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The Scarlet & Black

Letter to the Editor: Disrespectful Anti-Intellectualism at Grinnell

It is with indignation but also sadness that I write this letter to the editor. I avoid publicly rebuking individuals’ behavior out of a sense of respect, decency and an honor for ‘civil’ methods of discourse. But sometimes an individual’s behavior utterly flouts these very values, thereby precluding the possibility of constructive dialogue and demanding definitive public criticism. Such behavior occurred during the Q&A at Hofstra Professor Silvia Federici’s April first Center for Prairie Studies lecture entitled, “Reclaiming the Land, Reclaiming Our Bodies: Women and the Production of Commons.”

Immediately following Professor Federici’s illuminating talk on the connections between capitalist development, the colonization of women’s bodies and the destruction of the land, Grinnell economics professor Mark Montgomery was the first to participate in the Q&A. But instead of respectfully asking a question, Montgomery delivered a condescending, paternalistic lecture to Federici.He contended that the low literacy rates of women in Nigeria, where they stand as pillars of the subsistence and small-holder agricultural systems, compared with the high math scores of young women in Singapore, a country that imports its food supply, is evidence against Federici’s empirically-rich argument that the expropriation of communal lands leads to the devaluation and exploitation of women’s labor.

Montgomery’s patriarchal chiding of Federici is enough reason to denounce his behavior. Indeed, it provided a case in point as to the necessity of feminist struggles in any movement for social justice. Equally discreditable was the content of Montgomery’s argument: in a frenzied effort to protect his sacred neoliberal economic ideology, Montgomery used high math scores as an argument for the dispensability of communal food production. One would presume that a Grinnell economics professor would be aware of the difference between correlation and causation, but clearly basic social scientific methodology is the sacrificial victim at the altar of the Market.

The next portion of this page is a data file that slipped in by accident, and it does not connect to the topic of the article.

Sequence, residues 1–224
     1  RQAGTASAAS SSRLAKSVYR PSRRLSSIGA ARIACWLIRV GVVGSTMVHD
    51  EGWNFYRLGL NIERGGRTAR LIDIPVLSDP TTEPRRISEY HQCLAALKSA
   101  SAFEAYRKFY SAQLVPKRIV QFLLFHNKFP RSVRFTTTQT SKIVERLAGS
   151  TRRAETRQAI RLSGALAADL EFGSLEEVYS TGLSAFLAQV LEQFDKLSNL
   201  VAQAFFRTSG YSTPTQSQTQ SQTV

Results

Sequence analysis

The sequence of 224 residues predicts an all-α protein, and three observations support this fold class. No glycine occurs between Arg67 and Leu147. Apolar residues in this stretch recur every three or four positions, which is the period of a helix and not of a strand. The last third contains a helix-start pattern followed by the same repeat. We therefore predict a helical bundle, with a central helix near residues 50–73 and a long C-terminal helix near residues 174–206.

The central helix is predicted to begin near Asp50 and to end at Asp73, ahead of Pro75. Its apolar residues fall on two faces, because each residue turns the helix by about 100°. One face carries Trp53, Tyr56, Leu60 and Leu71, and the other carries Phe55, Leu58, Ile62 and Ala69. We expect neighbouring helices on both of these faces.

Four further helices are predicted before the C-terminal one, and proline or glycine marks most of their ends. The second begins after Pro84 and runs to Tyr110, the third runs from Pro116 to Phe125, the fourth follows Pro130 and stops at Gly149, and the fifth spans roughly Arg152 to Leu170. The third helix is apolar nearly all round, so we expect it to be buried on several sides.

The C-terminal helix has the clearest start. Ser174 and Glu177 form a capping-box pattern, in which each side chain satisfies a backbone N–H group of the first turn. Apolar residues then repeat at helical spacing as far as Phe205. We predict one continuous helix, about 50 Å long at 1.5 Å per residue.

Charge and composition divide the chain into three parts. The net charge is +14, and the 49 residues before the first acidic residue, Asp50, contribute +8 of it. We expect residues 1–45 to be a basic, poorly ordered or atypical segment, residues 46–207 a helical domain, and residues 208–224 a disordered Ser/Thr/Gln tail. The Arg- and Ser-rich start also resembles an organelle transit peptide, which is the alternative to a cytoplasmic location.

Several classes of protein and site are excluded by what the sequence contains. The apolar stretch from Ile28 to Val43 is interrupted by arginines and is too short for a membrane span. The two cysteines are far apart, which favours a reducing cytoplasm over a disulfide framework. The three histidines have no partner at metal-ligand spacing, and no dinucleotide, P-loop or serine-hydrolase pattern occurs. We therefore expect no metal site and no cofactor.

And the Market isn’t just an altar; it’s the altar. Trapped in the prison of Market fundamentalism, Montgomery cannot even consider the idea, let alone the empirical evidence, that there may be cultures, or dissident sectors within this culture, that value non-monetary relationships, the land and the satisfaction of material needs through mutual aid above the calculative logic of the economists who prostrate at the feet of the Market.

Also erased from Montgomery’s sanitized account of ‘free market’ capitalism was Federici’s extensive discussion of women’s resistance to the privatization and contamination of the food supply. Instead of engaging with Federici’s account of international opposition to the consolidation and industrialization of agriculture, Montgomery, in true Orwellian fashion (after interrupting her answer to another question), argued that the U.S. agricultural subsidy structure actually protects small producers and is not responsible for artificially lowered food prices.

Indeed, for Montgomery, prices—a word he repeated over five times—are what matter, not the pauperized victims of ‘free trade’ agreements in Latin America; not the day laborers exploited by U.S. multinationals; not the thrashed land whimpering after its latest lashing from mechanized agricultural practices; and not our very bodies that are slowly being killed by the pesticides in our ‘cheap’ food.

For Montgomery, the Zapatistas in Mexico and the Landless Workers’ Movement in Brazil—two examples that Federici gave of resistance to the neoliberal assault on land-based cultures in Latin America—are nothing more than an ignorant drone behind the triumphant chorus of economic growth and low prices. Specifically, the struggles of women to defend the land and traditional farming practices—struggles that Federici discussed in depth—are expunged from the historical record.

In the end, this isn’t really about Mark Montgomery. It’s about a culture and institution that considers behavior like his to be a form of academic dialogue. Informed debate in good faith is at the heart of the liberal arts. Patriarchal sermons on the theological tradition of neoliberalism are not. Mark Montgomery’s behavior is the epitome of the latter and should be condemned by those of us at Grinnell who still value the College’s commitment to social justice.

Vincent Kelley ’16

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  • W

    Whose progress?Dec 3, 2015 at 4:12 pm